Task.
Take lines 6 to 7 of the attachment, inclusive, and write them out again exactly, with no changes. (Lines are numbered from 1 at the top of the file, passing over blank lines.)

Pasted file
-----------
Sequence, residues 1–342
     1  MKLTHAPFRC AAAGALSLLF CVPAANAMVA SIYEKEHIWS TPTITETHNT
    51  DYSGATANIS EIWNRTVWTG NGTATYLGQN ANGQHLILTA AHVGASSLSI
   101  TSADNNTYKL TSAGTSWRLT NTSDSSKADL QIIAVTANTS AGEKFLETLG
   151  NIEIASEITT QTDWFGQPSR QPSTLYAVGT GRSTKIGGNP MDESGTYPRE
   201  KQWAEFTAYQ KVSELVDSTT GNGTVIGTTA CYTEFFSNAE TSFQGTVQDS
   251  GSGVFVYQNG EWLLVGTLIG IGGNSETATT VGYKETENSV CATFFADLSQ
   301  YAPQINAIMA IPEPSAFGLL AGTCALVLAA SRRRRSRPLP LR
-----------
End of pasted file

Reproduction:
   201  KQWAEFTAYQ KVSELVDSTT GNGTVIGTTA CYTEFFSNAE TSFQGTVQDS
   251  GSGVFVYQNG EWLLVGTLIG IGGNSETATT VGYKETENSV CATFFADLSQ